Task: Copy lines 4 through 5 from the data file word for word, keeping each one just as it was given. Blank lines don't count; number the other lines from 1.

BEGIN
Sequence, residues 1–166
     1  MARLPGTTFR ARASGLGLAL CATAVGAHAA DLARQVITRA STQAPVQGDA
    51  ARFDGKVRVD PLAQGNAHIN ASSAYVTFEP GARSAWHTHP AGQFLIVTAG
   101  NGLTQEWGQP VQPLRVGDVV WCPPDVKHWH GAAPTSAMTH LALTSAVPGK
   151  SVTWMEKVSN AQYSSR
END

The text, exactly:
   101  NGLTQEWGQP VQPLRVGDVV WCPPDVKHWH GAAPTSAMTH LALTSAVPGK
   151  SVTWMEKVSN AQYSSR